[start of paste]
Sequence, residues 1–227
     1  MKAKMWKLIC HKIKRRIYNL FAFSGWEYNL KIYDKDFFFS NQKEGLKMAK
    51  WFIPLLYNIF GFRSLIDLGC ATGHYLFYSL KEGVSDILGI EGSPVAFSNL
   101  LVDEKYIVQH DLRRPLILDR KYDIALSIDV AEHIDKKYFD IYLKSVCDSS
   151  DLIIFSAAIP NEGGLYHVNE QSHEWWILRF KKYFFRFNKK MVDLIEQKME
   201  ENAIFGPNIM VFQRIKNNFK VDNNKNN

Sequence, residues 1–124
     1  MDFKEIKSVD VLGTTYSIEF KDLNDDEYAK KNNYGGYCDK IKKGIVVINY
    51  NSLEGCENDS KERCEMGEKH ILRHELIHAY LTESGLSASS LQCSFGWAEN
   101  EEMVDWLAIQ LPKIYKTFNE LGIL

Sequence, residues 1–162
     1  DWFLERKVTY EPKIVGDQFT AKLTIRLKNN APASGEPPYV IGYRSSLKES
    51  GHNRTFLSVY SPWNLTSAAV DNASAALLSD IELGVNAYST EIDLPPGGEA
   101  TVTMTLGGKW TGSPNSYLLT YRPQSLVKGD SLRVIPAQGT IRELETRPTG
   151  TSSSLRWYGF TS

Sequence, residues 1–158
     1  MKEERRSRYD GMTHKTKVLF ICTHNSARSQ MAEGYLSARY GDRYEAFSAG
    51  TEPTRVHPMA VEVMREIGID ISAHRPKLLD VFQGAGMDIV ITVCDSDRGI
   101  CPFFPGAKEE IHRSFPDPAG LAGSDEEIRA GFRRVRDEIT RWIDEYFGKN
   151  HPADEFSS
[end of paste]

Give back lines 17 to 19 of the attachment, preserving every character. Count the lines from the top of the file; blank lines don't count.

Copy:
     1  MKEERRSRYD GMTHKTKVLF ICTHNSARSQ MAEGYLSARY GDRYEAFSAG
    51  TEPTRVHPMA VEVMREIGID ISAHRPKLLD VFQGAGMDIV ITVCDSDRGI
   101  CPFFPGAKEE IHRSFPDPAG LAGSDEEIRA GFRRVRDEIT RWIDEYFGKN